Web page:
Facts About the Mercury - The First Crewed Spaceflights In The US
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|NASA announced the seven Project Mercury Astronauts on April 9, 1959, only six months later. They are: (front, l to r) Walter H. Schirra, Jr., Donald K. Slayton, John H. Glenn, Jr., and Scott Carpenter; (back, l to r) Alan B. Shepard, Jr., Virgil I. Gus Grissom, and L. Gordon Cooper. (Image credit: NASA)|
What was the Mercury Program?
The Cold War, a struggle between the Soviet Union and the United States for dominance and prestige in the world, broke out in the late 1950s, and the two countries soon started battling it out in space. Both countries started initiatives to launch people into space. That initiative was known as Project Mercury in the US.
NASA's first attempt at sending people into space was with Mercury. The program's two objectives were to send a man into space before the Soviet Union and to test whether humans could function effectively in space.
Mercury failed to achieve its second goal, but it did lay the technological groundwork for more difficult missions in the Gemini and Apollo programs. Additionally, it made the original seven astronauts famous.
History of Project Mercury
In order to capitalize on the high-altitude flights that test pilots were already performing, there were some calls to establish a military astronaut space program.
At first, President Dwight Eisenhower concurred, but after consulting with some advisers, he decided to support the idea of a civilian space agency called NASA that would launch the first astronauts into space. The former National Advisory Committee on Astronautics (NACA) and a number of other organizations came together to form NASA in 1958.
After reviewing 500 records, NASA determined that the first 110 men were qualified. Three groups of these men were arbitrarily and equally divided, and each group was given a private briefing informing them of the chance to travel into space. The third group of military personnel, however, was never needed because so many men from the first two groups agreed to take part in the astronaut program if chosen.
The semi-finalists were then subjected to rigorous psychological and physical testing in order to narrow the field. On April 9, 1959, the seven astronaut candidates were revealed to the world. They overnight rose to international fame, along with their families.
A $500,000 (or roughly $4.3 million today) exclusive contract with Life magazine added to their notoriety. The astronauts were portrayed in the media as American heroes battling communism in space.
What Spacecraft Was Used for Project Mercury?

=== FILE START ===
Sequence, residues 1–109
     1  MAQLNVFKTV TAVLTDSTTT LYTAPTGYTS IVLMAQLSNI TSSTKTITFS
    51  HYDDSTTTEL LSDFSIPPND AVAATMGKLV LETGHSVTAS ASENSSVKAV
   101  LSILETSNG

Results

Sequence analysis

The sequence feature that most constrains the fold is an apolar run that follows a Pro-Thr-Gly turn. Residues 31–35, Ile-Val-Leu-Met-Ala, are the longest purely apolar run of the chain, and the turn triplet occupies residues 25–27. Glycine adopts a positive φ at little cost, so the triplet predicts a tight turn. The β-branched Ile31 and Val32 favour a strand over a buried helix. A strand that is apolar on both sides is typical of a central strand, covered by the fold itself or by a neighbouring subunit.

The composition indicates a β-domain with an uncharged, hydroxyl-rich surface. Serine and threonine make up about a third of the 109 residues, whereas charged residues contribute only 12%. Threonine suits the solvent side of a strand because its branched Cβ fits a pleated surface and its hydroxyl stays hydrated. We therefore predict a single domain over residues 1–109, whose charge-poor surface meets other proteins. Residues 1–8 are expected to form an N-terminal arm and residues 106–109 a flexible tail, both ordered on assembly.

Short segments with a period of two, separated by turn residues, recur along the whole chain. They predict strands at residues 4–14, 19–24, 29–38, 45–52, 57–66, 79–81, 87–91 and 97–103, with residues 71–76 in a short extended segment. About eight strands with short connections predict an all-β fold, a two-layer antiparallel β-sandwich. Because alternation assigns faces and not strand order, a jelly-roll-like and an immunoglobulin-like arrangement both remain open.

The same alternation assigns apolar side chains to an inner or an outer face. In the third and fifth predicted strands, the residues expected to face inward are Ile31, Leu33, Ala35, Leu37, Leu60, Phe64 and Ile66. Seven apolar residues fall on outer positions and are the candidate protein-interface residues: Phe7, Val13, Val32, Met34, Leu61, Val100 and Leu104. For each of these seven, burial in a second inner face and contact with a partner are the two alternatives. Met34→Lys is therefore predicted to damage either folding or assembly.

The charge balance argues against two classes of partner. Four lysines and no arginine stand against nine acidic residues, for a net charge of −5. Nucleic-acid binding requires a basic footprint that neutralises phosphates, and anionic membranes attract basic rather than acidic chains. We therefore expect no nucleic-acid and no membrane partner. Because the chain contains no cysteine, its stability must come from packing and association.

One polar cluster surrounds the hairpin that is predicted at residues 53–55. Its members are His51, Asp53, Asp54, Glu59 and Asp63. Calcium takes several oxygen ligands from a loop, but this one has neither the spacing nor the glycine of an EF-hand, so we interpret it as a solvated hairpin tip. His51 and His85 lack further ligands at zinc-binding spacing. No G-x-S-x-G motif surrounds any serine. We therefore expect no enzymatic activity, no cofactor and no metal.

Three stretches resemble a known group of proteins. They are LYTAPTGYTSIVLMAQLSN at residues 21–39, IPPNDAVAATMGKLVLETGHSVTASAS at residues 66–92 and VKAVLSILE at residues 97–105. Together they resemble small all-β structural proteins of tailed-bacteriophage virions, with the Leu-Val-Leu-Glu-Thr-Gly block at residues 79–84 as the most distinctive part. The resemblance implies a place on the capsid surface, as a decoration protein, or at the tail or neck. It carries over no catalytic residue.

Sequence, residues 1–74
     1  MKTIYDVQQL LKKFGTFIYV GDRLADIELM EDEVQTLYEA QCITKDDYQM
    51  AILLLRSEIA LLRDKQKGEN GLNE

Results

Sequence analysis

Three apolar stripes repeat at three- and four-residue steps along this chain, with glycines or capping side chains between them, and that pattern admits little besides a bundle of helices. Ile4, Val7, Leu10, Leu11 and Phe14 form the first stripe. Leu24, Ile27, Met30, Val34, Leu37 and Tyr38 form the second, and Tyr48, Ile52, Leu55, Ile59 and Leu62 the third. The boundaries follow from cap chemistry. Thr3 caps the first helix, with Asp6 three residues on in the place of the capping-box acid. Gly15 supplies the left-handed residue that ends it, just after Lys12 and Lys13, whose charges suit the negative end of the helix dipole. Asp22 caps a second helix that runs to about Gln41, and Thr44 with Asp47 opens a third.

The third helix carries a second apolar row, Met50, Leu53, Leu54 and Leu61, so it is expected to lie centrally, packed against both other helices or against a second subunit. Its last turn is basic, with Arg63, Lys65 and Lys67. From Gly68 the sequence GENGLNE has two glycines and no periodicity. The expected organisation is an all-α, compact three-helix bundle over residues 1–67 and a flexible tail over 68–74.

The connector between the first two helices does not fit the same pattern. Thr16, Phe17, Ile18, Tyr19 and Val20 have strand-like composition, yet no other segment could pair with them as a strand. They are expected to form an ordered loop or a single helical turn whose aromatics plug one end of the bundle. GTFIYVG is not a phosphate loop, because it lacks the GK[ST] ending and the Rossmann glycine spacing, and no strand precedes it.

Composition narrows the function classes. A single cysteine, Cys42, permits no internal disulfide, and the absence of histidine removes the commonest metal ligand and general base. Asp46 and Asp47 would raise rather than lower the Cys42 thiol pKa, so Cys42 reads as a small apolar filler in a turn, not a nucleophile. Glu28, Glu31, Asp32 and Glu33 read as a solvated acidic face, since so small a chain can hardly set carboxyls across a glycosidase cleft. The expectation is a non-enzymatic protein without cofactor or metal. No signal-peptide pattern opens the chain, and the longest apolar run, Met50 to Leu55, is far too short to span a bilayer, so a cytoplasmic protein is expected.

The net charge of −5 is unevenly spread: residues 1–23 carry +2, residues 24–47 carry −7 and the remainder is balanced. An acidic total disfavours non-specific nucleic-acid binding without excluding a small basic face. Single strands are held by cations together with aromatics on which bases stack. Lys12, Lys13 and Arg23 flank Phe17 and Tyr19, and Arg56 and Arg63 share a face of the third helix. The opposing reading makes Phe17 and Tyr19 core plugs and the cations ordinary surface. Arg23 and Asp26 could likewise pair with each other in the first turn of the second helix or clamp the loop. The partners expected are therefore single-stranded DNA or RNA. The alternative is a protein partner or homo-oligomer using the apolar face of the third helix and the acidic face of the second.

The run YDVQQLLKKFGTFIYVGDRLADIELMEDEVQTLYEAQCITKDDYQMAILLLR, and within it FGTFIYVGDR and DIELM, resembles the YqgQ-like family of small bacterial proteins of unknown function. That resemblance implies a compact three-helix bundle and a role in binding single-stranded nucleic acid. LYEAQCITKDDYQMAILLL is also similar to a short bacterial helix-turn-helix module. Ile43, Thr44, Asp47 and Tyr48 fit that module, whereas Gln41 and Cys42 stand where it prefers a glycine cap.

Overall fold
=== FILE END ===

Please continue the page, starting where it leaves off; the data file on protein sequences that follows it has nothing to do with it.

This project inspired the design of the Mercury spacecraft. One astronaut could fit inside the constrained capsule. Throughout the flight, the astronaut remained in his seat.
For Project Mercury, two different kinds of rockets were employed. Redstone rockets were used on the first two of the six flights that included an astronaut. An Atlas rocket was used for the four manned missions that orbited the Earth. Both of these rockets were initially intended to be military-grade missiles for the US.
The project was given the name Mercury in honor of a swift Roman deity. Each astronaut gave their craft a name. The name of Alan Shepard's Mercury capsule contains a 7. This was as a result of it being the seventh one produced. There was also a 7 among the other astronauts. The seven astronauts who were selected for the project were honored by this.
Who is Alan Shepard - the first American in Space
Navy Commander Alan Bartlett Shepard Jr., the first American astronaut to venture into space, is sent into orbit on May 5, 1961 aboard the Freedom 7 spacecraft. The National Aeronautics and Space Administration (NASA) achieved a significant win with the suborbital flight, which lasted 15 minutes and rose 116 miles into the atmosphere.
In order to keep U.S. space efforts current with recent Soviet accomplishments, like the 1957 launch of the first artificial satellite, Sputnik 1, NASA was founded in 1958. The two superpowers competed to be the first nation to launch a man into space and bring him back to Earth in the late 1950s and early 1960s. When cosmonaut Yuri Gagarin was launched into space, placed in orbit around the planet, and safely returned to Earth on April 12, 1961, the Soviet space program emerged victorious. Shepard's suborbital flight a month later restored confidence in the American space program.